Evie would have to have been deaf not to hear the contempt in Finn’s voice. It was fair to say that Finn was not on Team Richard. But, then, neither was she.
‘Already counting the pennies from the big fat donation Prince Khalid has promised the hospital.’
Evie wondered if Finn remembered that it was through Prince Khalid’s misfortune that she’d first met him. At the gala dinner that the prince had thrown in Finn’s honour the first time he’d donated one million dollars to the Sydney Harbour Hospital’s cardiothoracic department.
Finn had been as unimpressed as she to be there.
He snorted. ‘Of course. I should have known there would be money involved.’
Evie had never heard such coldness in Finn’s voice before. Not where his work was concerned, and it frightened her. She was used to it regarding her and anything of a remotely personal nature. But not his job.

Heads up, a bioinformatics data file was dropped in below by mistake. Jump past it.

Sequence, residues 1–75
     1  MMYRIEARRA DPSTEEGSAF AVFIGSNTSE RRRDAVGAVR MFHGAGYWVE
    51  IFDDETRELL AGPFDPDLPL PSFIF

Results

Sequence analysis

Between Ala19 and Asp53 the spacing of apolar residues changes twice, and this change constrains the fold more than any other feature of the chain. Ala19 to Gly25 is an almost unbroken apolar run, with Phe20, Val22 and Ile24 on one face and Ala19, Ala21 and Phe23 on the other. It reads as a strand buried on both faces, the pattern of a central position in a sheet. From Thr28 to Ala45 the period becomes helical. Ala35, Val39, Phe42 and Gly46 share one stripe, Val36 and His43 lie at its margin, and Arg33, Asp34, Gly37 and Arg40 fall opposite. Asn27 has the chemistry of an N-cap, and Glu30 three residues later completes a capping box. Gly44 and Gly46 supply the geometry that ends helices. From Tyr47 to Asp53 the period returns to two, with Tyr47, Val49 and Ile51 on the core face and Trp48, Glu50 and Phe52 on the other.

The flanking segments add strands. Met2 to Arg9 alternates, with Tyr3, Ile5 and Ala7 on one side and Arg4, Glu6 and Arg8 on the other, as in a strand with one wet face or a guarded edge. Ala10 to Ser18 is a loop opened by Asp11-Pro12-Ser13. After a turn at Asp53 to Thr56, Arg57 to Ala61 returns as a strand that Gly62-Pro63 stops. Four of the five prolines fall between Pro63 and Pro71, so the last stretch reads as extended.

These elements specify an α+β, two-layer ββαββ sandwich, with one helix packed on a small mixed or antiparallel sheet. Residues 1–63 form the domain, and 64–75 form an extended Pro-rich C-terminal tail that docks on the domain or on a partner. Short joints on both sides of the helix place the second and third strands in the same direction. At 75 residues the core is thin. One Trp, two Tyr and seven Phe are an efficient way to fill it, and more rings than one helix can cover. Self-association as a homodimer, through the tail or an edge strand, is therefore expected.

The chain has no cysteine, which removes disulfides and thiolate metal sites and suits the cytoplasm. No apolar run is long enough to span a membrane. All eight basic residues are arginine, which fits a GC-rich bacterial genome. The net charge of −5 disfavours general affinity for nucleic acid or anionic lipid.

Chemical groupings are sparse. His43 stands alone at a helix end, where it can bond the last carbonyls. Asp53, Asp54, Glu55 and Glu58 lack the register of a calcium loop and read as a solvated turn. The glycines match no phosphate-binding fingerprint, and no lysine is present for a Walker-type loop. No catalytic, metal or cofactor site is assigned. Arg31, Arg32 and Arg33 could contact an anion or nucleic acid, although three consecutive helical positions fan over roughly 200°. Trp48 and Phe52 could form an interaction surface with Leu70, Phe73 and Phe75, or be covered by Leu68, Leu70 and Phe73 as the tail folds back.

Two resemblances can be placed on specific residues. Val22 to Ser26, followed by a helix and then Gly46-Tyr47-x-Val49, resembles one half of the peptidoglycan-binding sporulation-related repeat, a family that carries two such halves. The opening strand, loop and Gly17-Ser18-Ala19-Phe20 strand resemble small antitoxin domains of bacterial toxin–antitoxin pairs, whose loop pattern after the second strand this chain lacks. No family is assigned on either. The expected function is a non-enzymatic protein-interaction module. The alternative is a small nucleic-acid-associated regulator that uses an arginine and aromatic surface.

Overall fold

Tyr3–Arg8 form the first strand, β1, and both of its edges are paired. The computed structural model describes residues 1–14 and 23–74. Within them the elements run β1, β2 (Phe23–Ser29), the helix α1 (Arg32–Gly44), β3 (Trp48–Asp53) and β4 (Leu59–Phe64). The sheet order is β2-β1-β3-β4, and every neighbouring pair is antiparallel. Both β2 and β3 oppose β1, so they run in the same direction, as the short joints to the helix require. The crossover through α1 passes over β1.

She’d never thought she’d have to convince him to come back to work. She’d just assumed he’d jump back in as soon as he possibly could.
Just how long had his hand been recovered for?
‘So don’t do it for him,’ she said battling to keep the rise of desperation out of her voice. ‘Or for the money. Do it for the prince.’
‘There are any number of very good cardiac surgeons in Sydney.’
‘He doesn’t want very good. He wants the best.’
Finn turned to face her, propping his hip against the railing. ‘No.’
Evie turned too, at a complete loss as she faced him. ‘Please.’
She seemed to always be asking him for something he wasn’t prepared to give. Saying,
please, Finn, please
. And she was heartily sick of it. And sick of being rejected.
And if she wasn’t carrying his baby she’d just walk right away. But she was. And he needed to know—whatever the fallout might be.
She opened her mouth to tell him. Not to bribe him into doing what she wanted but because she could see his mind was made up, and before he sent her away for the last time, he had to know.
But Ethan striding out onto the veranda interrupted them. ‘Finn—’ Finn looked over Evie’s shoulder. ‘Oh … sorry … I thought I heard the car leave,’ Ethan said, smiling apologetically at Evie as he approached.
‘It’s fine,’ Evie murmured.
‘What’s up?’ Finn asked, dragging his gaze away from Evie’s suddenly pale face.